In my explanation of the inflection of the base of both nouns and verbs, I have, as before, treated both declension and conjugation as a process of Sandhi; that is to say, junction of the crude base, (as previously formed from the root,) with the terminations. But in the present Grammar I have thought it expedient to lay more stress on the general scheme of terminations propounded by native grammarians; and in the application of this scheme to the base, I have referred more systematically to the rules of euphonic combination, as essential to a sound acquaintance with the principles of nominal and verbal inflection. On the other hand, I have in the present work deviated from the Indian system by retaining w s as a final in the declension of nouns and conjugation of verbs, for the practical reason of its being more tangible and easy to apprehend than the symbol Visarga or h, which is less perceptible in pronunciation. (See the observations under changes of final s, p. 40.) Even in native Grammars those terminations, the finals of which are afterwards changed to Visarga, are always regarded as originally ending in us; and the subsequent resolution of s into h, when the termination is connected with the base, is a source of confusion and uncertainty. Thus s is said to be the termination of the nominative case; but the nominative of *rffcr agni,' fire,' would according to the Indian system be written ^rffcn agnih, which an Englishman would scarcely distinguish in pronunciation from the base agni. In the following pages, therefore, the nominative is given again; and the liability of agnis to become again and again is explained under the head of changes of final s (at pp. 40, 41). This plan has also the advantage of exhibiting the resemblance between the system of inflection in Sanskrit and Latin and Greek.
The difficulty experienced in comprehending the subject
of Sanskrit conjugation has led me to give abundant examples of verbs conjugated at full. I have of course deviated from the Indian plan of placing the third person first. I have, moreover, deemed it advisable to exhibit the English equivalents of Sanskrit words in the principal examples under each declension and conjugation, knowing by experience the thankfulness with which this aid is received by early students, not thoroughly familiar with the Devanagari character. The numerous examples of verbs, primitive and derivative, will be found to include all the most useful in the language. In previous Grammars it has been usual to follow the native method of giving only the 3d pers. sing, of each tense, with an occasional indication of any peculiarities in the other persons. The present Grammar, on the other hand, exhibits the more difficult tenses of every verb in full, referring at the same time for the explanation of every peculiar formation to the rule, in the preceding pages, on which it depends. This is especially true of the 2d and 3d preterite (or perfect and aorist), as these constitute the chief difficulty of the Sanskrit verb; and I have constantly found that even advanced students, if required to write out these tenses, will be guilty of inaccuracies, notwithstanding one or two of the persons may have been given for their guidance.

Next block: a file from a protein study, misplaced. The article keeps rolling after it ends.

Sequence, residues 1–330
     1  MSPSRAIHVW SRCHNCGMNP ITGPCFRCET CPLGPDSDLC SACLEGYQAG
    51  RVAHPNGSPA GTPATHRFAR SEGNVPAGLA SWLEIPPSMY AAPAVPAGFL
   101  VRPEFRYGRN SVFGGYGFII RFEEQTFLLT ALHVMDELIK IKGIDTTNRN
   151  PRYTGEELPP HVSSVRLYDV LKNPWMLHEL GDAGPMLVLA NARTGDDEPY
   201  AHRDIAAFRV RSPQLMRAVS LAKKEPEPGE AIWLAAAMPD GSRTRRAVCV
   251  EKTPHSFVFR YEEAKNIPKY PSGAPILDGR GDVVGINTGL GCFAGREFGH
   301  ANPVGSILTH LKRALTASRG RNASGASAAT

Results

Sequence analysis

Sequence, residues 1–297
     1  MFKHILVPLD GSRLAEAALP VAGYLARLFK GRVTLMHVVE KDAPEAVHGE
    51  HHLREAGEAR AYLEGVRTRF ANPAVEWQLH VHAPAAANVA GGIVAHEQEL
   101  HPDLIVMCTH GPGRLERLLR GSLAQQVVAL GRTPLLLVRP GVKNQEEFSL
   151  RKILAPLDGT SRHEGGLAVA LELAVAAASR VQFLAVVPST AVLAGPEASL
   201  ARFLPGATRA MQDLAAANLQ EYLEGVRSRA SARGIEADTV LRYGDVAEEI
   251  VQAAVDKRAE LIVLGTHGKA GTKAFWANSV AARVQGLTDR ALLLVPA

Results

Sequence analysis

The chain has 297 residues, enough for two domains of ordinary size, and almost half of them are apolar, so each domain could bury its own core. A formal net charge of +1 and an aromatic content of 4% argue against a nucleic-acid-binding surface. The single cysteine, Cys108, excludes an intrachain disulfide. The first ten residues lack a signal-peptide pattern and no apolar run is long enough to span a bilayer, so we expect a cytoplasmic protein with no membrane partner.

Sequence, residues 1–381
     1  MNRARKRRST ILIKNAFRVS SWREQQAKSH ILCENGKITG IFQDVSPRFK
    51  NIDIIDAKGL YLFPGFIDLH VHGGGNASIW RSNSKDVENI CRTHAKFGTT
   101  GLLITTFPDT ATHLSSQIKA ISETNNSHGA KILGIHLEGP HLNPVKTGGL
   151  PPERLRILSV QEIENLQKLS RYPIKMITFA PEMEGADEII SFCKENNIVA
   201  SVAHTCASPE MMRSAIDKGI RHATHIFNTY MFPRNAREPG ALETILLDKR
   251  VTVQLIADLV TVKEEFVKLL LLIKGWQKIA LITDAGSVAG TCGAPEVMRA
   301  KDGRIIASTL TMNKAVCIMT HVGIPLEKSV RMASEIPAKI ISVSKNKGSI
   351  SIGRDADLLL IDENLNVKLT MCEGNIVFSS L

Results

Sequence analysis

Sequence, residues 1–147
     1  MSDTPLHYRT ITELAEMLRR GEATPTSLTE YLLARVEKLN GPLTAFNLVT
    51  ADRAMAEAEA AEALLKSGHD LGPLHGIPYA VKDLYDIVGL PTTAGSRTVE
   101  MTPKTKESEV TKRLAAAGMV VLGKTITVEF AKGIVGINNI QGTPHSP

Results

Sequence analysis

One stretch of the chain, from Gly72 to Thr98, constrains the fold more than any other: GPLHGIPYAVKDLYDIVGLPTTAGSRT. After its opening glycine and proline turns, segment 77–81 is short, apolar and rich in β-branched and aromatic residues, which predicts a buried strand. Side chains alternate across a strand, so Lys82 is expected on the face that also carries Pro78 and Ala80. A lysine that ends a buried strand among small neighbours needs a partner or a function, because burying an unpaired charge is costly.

In the chapter on compound words I have again endeavoured, without ignoring the Indian arrangement, to disembarrass it of many elements of perplexity, and to treat the whole subject in a manner more in unison with European ideas. The explanations I have given rest on actual examples selected by myself from 'the Hitopadesa' and other standard works in ordinary use. Indeed this chapter and that on syntax constitute the most original part of the present volume. In composing the syntax, the literature as it exists has been my only guide. All the examples are taken from classical authors, so as to serve the purpose of an easy delectus, in which the learner may exercise himself before passing to continuous translation. The deficiency of native Grammars on this important subject is only to be accounted for on the supposition that their aim was to furnish an elaborate analysis of the philosophical structure of the language, rather than a practical guide to the study of the literature.
The exercises in translation and parsing, in the last chapter of this volume, will, it is hoped, facilitate the early student's first effort at translation.
In regard to the general scope of the book, it remains to state that my aim has been to minister to the wants of the earliest as well as the more advanced student. I have therefore employed types of two different sizes; the larger of which is, of course, intended to attract the eye to those parts of the subject to which the attention of the beginner may advantageously be confined. The smaller, however, often contains important matter which is by no means to be overlooked on a second perusal.
Under the conviction that the study of Sanskrit ought to possess charms for the classical scholar, independently of its wonderful literature, I have taken pains to introduce in small type the most striking comparisons between this language and Latin and Greek. I am bound to acknowledge that I have drawn nearly all the materials for this important addition to the book from the English translation of Bopp's'Comparative Grammar,' by my friend and colleague Professor Eastwick.
One point more remains to be noticed. The want of an Index was felt to be a serious defect in my first Grammar. This omission is now supplied. Two full Indices have been appended to the present work, the one English, and the other Sanskrit. The latter will enable the student to turn at once to any noun, verb, affix, idiom or peculiar formation explained in the foregoing pages.